A Colourful Stroll Along Lake Ontario


Port Credit located ten kilometers from our home was an old trading port till the 1800s.  It is now a marina for boats.  Along the lake shore is a seven kilometer trail that turns into multitude of colours every fall.


Port Credit is located at the mouth of Credit River on Lake Ontario.  The ship Ridgetown was sunk here on June 21, 1974 to act as a breakwater.  After her decommissioning in 1970, she was loaded with stones, towed from Toronto Port to Port Credit and sunk at the entrance to the port  with her cabins and stack intact. She remains here, protecting the port from the forces of waves.  In the backdrop is the City of Toronto, about 20 kilometer away with its landmark CN Tower.


On a windy day, the waves rise up over a few meters.


Canadian Fall is well known for trees with splashes of red, orange and yellow that dot tree lines across the country.


Fall is the most photographed Canadian season of the year, with colours changing very fast until the leaves fall off.


Tender thin leaves are made up of cells filled with water sap and will freeze in winter. Any plant tissue incapable of surviving the winter must be sealed off and shed to ensure the tree’s survival.

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As sunlight decreases in fall, the veins that carry sap into and out of a leaf gradually close. A layer of cells called the separation layer forms at the base of the leaf stem. When this layer is complete, the leaf is separated from the tissue that connected it to the branch and it falls off.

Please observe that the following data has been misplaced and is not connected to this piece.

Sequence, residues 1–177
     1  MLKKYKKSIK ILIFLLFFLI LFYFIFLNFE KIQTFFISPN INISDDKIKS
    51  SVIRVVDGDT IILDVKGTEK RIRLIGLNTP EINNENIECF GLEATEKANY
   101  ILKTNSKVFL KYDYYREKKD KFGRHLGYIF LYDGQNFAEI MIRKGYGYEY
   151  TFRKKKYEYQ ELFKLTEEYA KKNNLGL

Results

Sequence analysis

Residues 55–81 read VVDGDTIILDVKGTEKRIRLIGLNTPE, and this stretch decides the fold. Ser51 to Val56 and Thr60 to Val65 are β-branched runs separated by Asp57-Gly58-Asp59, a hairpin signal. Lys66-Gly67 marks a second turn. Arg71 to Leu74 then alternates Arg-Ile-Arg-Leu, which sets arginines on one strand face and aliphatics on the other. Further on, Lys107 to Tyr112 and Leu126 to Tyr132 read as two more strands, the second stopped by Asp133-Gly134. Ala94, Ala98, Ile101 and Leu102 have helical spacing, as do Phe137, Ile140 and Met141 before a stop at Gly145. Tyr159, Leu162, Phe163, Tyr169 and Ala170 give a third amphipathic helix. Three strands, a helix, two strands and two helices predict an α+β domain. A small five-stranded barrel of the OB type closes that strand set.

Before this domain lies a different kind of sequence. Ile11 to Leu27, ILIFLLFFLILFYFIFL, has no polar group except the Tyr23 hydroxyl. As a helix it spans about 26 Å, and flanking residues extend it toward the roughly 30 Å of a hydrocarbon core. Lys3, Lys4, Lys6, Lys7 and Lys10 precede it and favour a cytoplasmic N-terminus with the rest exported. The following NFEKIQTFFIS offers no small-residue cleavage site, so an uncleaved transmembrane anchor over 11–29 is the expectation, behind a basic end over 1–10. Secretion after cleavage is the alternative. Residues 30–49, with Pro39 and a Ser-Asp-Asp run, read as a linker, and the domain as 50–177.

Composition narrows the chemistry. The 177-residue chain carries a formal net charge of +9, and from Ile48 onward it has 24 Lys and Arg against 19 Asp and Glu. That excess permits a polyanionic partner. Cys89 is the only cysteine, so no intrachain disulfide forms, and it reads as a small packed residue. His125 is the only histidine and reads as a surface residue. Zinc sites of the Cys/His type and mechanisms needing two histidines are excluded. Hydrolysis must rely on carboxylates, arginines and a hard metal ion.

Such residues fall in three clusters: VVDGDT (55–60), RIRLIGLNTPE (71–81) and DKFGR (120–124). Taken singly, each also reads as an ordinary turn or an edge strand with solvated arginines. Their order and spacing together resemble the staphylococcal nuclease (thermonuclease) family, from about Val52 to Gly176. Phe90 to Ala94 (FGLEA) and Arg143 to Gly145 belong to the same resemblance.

Coniferous trees like pines, spruces, cedars and firs, don’t lose their leaves or needles in winter. The needles are covered with a heavy wax coating and the fluids inside the cells contain substances that resist freezing.

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These needles can live for several years before they fall off.


Ground along the trail is all covered with leaves of varying shades of yellow, orange and red.


Some of the leaves are yet to change their colours and some have done it already.


Old cycles and other artifacts are used to decorate the walkways.

There are many children’s parks along the trail.’


Picnic spots equipped with tables, benches and barbecue stands for the revelers dot the trail.

This is the Suncorp refinery located about ten kilometer away.


These Canadian geese have not migrated down South to USA.  It is neither that they have lost their passports nor have forgotten to migrate.  It is because they find enough food in various parks in the city and may have developed the art of surviving through Canadian winter.  May be they will fly South as soon as the temperature drops.

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